"colorfrom" : [0,0,0],
                "colorto" : [255,255,0],
                "speed" : 0.05,
                "freq" : 2.5,
                "step" : 30.0


        "name" : "Red Alert",
        "script" : "alert.py",
        "args" :
                "colorfrom" : [0,0,0],
                "colorto" : [255,0,0],
                "speed" : 0.05,
                "freq" : 2.5,
                "step" : 30.0

Finally restart hyperion to pickup the new effects

service hyperion restart

That’s it, you should now be able to run these effects. From the terminal:

hyperion-remote -e "Red Alert"

Should start the led’s glowing Red. If not I’d start with ‘hyperion-remote -l’ to check the effects are listed, then move on to working out what’s missing (see above about numpy array).

A few notes on this effect:

  • Originally I programmed it forced to black, but it made sense to change this to a colorfrom value for future (if you want it green and fading to red for example).
  • The speed is how quickly to progress through the fade.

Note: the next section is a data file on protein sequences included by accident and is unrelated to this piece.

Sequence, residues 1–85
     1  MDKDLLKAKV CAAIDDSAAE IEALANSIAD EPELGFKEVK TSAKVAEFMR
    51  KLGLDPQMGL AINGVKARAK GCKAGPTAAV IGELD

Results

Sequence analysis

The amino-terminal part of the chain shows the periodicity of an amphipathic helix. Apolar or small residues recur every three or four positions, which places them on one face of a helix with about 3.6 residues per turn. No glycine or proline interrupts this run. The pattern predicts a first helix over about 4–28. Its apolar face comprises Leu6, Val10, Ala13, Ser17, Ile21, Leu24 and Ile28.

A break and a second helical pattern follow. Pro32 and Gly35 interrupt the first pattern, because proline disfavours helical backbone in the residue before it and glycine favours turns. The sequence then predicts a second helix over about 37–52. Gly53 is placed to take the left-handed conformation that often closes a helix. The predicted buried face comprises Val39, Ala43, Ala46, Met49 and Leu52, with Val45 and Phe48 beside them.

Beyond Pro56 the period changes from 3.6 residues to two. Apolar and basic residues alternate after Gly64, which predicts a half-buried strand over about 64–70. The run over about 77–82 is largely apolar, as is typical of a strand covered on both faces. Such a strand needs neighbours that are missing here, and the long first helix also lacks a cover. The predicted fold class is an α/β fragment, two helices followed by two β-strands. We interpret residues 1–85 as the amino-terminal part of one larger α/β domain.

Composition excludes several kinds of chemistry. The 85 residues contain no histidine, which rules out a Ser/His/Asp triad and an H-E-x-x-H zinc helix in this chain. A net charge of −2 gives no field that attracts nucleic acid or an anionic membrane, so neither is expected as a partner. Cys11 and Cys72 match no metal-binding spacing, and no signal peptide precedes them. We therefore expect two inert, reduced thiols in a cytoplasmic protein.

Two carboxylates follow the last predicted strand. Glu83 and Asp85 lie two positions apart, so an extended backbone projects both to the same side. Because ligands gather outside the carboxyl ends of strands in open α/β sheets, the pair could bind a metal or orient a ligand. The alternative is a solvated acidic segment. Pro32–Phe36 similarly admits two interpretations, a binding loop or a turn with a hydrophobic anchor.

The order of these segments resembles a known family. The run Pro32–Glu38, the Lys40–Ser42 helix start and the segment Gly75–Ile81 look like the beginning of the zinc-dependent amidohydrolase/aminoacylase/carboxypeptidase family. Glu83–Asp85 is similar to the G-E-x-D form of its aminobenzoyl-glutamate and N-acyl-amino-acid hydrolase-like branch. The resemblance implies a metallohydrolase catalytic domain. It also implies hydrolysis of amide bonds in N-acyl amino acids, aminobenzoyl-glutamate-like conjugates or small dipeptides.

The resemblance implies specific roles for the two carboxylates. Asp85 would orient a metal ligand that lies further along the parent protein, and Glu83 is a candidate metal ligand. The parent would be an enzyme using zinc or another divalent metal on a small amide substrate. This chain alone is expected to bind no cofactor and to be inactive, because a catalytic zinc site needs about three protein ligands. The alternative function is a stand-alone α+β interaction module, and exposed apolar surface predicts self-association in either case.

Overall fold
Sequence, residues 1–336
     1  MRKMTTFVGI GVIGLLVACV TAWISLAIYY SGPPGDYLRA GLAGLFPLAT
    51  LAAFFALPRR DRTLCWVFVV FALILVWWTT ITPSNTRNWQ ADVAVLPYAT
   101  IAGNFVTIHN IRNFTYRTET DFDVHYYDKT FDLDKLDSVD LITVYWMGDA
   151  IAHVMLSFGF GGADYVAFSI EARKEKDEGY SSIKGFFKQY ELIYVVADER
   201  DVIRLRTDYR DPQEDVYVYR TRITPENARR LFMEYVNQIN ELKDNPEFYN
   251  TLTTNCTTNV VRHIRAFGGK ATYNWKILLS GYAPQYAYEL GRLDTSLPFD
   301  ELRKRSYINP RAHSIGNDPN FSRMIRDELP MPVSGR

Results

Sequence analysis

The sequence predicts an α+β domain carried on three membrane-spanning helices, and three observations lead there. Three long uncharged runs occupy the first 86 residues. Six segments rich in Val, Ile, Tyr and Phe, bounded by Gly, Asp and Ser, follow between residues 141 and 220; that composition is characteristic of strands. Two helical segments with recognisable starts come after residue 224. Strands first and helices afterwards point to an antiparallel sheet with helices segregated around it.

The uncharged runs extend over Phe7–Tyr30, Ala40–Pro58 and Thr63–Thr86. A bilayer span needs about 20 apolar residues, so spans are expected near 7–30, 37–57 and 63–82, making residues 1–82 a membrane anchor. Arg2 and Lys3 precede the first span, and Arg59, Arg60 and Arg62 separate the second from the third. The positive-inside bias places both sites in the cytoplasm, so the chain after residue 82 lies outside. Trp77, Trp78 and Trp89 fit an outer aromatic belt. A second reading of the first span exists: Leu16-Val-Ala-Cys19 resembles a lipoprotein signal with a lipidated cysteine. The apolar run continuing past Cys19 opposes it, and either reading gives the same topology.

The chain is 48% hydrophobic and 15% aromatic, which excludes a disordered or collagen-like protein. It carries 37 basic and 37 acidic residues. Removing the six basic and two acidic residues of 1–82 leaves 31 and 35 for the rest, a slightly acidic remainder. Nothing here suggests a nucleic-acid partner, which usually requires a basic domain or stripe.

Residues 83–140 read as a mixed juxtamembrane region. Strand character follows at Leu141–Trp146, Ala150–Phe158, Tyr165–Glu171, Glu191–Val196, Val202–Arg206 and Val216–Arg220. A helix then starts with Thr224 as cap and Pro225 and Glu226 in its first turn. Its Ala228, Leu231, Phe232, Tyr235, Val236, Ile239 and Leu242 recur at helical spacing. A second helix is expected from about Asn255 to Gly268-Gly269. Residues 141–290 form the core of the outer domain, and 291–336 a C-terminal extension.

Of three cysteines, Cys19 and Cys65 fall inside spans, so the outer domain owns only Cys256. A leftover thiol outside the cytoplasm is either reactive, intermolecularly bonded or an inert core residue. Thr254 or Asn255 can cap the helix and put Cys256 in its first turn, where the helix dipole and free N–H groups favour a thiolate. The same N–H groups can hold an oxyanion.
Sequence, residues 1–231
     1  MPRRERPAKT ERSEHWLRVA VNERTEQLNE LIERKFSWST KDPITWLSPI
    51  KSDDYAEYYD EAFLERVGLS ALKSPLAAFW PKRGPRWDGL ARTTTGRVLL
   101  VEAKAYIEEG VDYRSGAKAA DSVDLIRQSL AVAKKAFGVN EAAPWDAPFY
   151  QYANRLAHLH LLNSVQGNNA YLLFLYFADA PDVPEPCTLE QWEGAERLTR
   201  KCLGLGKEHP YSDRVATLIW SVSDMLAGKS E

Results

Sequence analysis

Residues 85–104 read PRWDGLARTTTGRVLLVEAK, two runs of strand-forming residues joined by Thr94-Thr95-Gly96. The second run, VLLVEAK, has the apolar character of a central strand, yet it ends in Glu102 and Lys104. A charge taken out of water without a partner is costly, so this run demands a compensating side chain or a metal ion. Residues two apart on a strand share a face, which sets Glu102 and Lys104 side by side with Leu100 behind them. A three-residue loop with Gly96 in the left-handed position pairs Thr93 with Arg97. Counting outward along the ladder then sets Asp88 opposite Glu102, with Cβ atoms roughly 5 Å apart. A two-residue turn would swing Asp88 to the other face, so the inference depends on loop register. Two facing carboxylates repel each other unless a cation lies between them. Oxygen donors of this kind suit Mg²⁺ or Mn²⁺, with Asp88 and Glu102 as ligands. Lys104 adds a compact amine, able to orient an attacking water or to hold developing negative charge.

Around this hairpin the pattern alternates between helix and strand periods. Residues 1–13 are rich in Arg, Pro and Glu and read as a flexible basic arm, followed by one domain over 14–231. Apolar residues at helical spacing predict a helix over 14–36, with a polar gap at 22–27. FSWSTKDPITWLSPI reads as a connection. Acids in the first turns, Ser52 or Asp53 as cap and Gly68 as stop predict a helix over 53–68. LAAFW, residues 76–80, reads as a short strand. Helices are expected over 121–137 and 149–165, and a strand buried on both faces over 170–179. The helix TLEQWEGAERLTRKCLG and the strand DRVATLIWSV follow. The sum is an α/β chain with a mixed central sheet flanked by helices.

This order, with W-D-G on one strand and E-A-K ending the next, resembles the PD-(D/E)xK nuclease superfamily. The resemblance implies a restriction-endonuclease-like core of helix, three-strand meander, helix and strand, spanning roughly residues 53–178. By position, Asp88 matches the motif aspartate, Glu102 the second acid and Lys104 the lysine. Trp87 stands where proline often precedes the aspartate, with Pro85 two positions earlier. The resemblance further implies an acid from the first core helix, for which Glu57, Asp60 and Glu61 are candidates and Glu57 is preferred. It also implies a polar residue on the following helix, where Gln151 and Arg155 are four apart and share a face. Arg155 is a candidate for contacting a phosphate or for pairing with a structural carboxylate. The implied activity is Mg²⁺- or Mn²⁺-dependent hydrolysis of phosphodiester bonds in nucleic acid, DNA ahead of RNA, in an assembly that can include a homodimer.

• The step is how many colours it goes through to get from the colorfrom to the colorto
  • Working out the speed and the step together are important for a nice fade (not jerky).
  • The Freq in how long it stays on black before running the fade again.

This completes the hyperion side of the setup. I now have this effect installed and running on 3 PI’s and yes when there’s a problem they ALL go to yellow/red alert

See Part 3 for the nagios setup

Hyperion LED’s & Nagios (Part 1)

Part 1 is more Background story on my use of WS2801 WS2812b and Hyperion with the Raspberry Pi. Skip to Part 2 for the techy bit.

I’ve been using Hyperion for a while. I setup light behind the TV first off (using sticky tape) WS2801 and RaspBMC. This work brilliantly and I loved it. Spent hours tweaking the config so the LED’s were picking up the correct colour to the screen.

With all that working and a length of LED’s left over I decided to run some up the stairs. They sit just under the banister lip so you can’t see them, just the light on the stairs. I set these to Rainbow swirl and let it. They’re been running for months, occasionally changing the effect to show off what they can do.

Then disaster struck, the power adapter stopped working. Have to be honest I didn’t really notice until I was going to bed at 2am and almost fell over. They’ve been there giving off light (possibly a bit bright if anything) and I just got used to being able to see in the middle of the night without any other lights.